From mainland Shetland, it's a short ferry ride to the island of Yell, and another short one to Unst, the most northerly inhabited land in Britain. A few miles off the main road is Muness Castle, built by one Laurence Bruce in 1598. Apparently Bruce set himself up in remote Shetland after having been implicated in a murder in his native Perthshire. It's the most northerly castle in Britain; in fact, about everything you see in this neighborhood is the most northerly whatever in Britain. The castle is a rather small Z-plan affair. It has not snowed; grass and other green foliage, oddly enough, reflect a lot of infrared light, and so usually show up white on infrared film.




Here's the door to Muness Castle. Compare to the one at Scalloway, above. While these castles are ruins, having lost all their timberwork (roof and floors), the walls are essentially intact, and in fact must be maintained by Historic Scotland, or whoever owns the particular castle. Access is by key through doors such as this. As noted, the key for Scalloway is kept at a nearby hotel, but the one for Muness, like the one for Noltland Castle on Westray in Orkney, hangs by the door of a neighboring house. I suppose the keeper of the key takes it in at night to prevent vandalism.

Muness Castle lies at the end of a spur road at the southern end of the island of Unst. (Cursed-end Unst? Ow.) Back on the main road, you can drive north through the village of Baltasound, where stands the Baltasound Hotel, the northernmost hotel in Britain. At Haroldswick, the road forks; if you were to bear right on the B 9087 (which I did not), you would shortly be on the northernmost bit of road in Britain, ending at Skaw, where you could see the northernmost house in Britain.

Bear left instead on the B 9086, and the road will end just up the west side of the Burra Firth, at the parking lot for the Herma Ness Nature Reserve. From here you may hike to the northernmost point of Unst. It's a loop trail, and, because I wasn't sure how long it would take, I took the loop in reverse to the recommended direction, as it goes directly up over Hermaness Hill to the northernmost point that way, and I figured I could turn around and retrace my steps if I ran short of time.

As it happened, I had plenty of time to complete the loop, but, traveling in the direction I was, I lost the trail. I had a choice of two small valleys to go up. The right-hand one looked more likely, but if it was wrong, I'd be outside the loop and hopelessly lost. If the left-hand trail was wrong, I'd be within the loop, and would eventually hit the proper trail again sooner or later. So up the left-hand valley I went.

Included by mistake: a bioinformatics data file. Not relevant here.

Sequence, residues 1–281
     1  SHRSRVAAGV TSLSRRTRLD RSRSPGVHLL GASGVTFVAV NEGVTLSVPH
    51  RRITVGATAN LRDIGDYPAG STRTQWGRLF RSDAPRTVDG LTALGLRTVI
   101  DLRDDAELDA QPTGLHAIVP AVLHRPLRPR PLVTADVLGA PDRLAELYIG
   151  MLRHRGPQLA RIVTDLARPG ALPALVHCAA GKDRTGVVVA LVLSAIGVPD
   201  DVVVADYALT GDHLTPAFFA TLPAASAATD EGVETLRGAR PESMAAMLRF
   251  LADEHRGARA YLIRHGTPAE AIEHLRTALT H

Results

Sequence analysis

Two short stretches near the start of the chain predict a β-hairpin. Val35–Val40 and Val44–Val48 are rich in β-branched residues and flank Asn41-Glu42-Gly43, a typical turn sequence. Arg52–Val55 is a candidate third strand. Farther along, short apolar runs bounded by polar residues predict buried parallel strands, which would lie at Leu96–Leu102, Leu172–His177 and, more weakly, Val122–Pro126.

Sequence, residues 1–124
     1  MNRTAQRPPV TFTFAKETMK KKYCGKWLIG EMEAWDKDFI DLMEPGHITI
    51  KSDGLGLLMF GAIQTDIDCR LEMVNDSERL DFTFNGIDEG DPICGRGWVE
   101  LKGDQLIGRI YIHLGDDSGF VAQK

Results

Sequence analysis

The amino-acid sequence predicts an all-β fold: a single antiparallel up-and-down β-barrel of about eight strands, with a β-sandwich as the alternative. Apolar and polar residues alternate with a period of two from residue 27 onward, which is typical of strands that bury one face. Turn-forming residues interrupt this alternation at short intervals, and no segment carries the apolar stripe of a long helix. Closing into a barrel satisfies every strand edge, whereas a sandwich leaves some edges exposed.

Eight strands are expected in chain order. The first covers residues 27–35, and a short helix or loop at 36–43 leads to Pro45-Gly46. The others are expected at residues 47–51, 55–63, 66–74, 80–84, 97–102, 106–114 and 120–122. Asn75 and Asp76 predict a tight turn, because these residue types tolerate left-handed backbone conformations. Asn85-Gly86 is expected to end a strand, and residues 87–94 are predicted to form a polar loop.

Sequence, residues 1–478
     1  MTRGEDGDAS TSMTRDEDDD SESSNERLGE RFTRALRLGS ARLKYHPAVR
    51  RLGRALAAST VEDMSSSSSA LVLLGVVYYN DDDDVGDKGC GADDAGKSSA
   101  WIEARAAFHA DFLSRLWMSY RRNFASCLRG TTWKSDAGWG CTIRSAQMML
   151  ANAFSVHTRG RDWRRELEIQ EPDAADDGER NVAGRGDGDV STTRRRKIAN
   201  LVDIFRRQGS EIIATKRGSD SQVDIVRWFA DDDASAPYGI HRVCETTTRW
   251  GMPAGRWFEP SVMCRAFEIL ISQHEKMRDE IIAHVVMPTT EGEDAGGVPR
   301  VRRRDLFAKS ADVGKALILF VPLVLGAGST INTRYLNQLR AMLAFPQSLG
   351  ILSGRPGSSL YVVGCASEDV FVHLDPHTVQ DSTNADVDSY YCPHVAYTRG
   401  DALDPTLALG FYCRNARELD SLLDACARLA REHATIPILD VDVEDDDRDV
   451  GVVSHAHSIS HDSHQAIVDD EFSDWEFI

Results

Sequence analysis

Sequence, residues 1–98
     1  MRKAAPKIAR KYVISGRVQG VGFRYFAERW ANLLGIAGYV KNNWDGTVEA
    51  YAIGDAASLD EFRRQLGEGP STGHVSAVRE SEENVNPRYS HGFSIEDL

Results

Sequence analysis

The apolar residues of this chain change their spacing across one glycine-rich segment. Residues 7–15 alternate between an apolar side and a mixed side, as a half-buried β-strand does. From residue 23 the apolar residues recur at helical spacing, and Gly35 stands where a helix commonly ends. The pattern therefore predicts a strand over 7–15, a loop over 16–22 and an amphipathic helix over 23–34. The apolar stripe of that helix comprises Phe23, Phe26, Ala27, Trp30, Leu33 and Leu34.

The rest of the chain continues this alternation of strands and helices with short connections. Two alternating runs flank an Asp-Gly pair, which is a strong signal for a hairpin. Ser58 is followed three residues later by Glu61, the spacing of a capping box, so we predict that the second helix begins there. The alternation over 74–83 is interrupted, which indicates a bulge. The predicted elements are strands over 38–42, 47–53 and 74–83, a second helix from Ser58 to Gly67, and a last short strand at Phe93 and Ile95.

It wasn't long before I realized I'd made a mistake, and a bigger one than I'd thought; I was on very boggy ground. I stepped across what looked like a shallow puddle. My right leg was in up to the knee before I could flop backward onto dry land. In that short moment I thought of the 900-year-old guy a peat cutter had found in Caithness a few years back, perfectly preserved in the highly acidic bog. They'd never have found me--no one cuts peat in a nature reserve. Then there was another moment of panic when I tried to pull my foot out, and felt the suction tugging at my shoe. When I was about four or five, I'd lost a shoe down by the local mill pond in a similar manner, an incident I recall more from hearing about it endlessly from my family in the intervening 45 years, than from actual memory. I found that if I pulled up slowly, water flowed in underneath my foot, and shortly I was free.

I carefully picked my way back to the parking lot (step, squish, step, squish, step, squish), where, fortunately, I had a change of trousers, socks, and shoes in the car. One good thing about traveling to a remote place like this in late September is that you can take off your pants in the parking lot of a nature reserve, and likely there's no one within five miles to notice. Made it back to Lerwick, via the two ferries, in time for dinner. That night in The Lounge Bar, I wrote a postcard to my mother, in which I informed her that I still had both of my shoes.




Anyway, to back up a bit, along the trail between the parking lot and the top of Hermaness Hill, I had this view across the Burra Firth. From the summit dome of Hermaness Hill, the land slopes toward the cold northern sea, gently at first, but increasingly steeply. It's hard to say where the hillside comes to an end and the cliff begins, unless it's where the grass stops growing; you don't want to go that far. In fact, the sign back in the parking lot emphatically warns the walker not to wear waterproof trousers, lest, with a single misstep, he begin an uncontrollable slide on the wet grass that will inevitably end on the rocks far below (unless, of course, he happens to be carrying a hang glider).




In summertime, the cliffs and rocks are virtually carpeted with birds--puffins, fulmars, kittiwakes, and others. By late September, only the wintering gannets are left. If you look closely, you can see quite a lot of them dotting these rocks, particularly the jutting rock to the left. The only other bird I encountered at Herma Ness was a great skua, a largish, brown, eagle-like bird that nests on the open ground. I suppose it's too big for the cliffs, and there aren't any trees. They make strafing runs at intruding humans, but at this time of year, they aren't very serious. Walkers in nesting season are advised to carry a long stick.

Now I have walked as far north as it is possible to walk. The GPS reads 6050' and change, which won't impress any Norwegians; I am barely farther north than Bergen and Oslo, which are in southern Norway. I am also three or four degrees south of Reykjavik. But I am a hair farther north than Whitehorse, Yukon, and only twenty miles or so south of the latitude of Anchorage, Alaska. I am also about a thousand miles farther north than either Quebec City or Seattle.




The rock below me is called Muckle Flugga. The lighthouse on it is, you guessed it, the northernmost lighthouse in Britain. In fact, it's the northernmost anything in Britain, save for a jagged rock called the Out Stack a few hundred yards beyond (not visible here). Beyond that lie only water and ice all the way to the pole, although you wouldn't have to deviate too far from true north to land at Spitsbergen instead. The lighthouse was built by Thomas Stevenson, father of Robert Louis Stevenson, in the 1850's. (It's said that the map in Treasure Island looks a lot like the map of Unst.) The keeper would have been Britain's northernmost resident, before the light was automated in the 1960's.

And that's it--the end of Unst, the end of Shetland, the end of the earth. Nothing left to do but turn around and walk back...through the northernmost bog in Britain.

Fin